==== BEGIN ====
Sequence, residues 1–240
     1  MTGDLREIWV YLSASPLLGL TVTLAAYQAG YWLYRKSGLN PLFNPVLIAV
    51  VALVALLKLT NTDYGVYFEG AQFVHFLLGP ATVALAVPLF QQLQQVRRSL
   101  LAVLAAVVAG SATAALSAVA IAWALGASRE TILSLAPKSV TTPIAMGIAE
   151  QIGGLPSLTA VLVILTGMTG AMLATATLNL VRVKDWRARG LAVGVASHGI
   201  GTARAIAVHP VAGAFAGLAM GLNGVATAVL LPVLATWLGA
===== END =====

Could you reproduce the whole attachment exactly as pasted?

Sequence, residues 1–240
     1  MTGDLREIWV YLSASPLLGL TVTLAAYQAG YWLYRKSGLN PLFNPVLIAV
    51  VALVALLKLT NTDYGVYFEG AQFVHFLLGP ATVALAVPLF QQLQQVRRSL
   101  LAVLAAVVAG SATAALSAVA IAWALGASRE TILSLAPKSV TTPIAMGIAE
   151  QIGGLPSLTA VLVILTGMTG AMLATATLNL VRVKDWRARG LAVGVASHGI
   201  GTARAIAVHP VAGAFAGLAM GLNGVATAVL LPVLATWLGA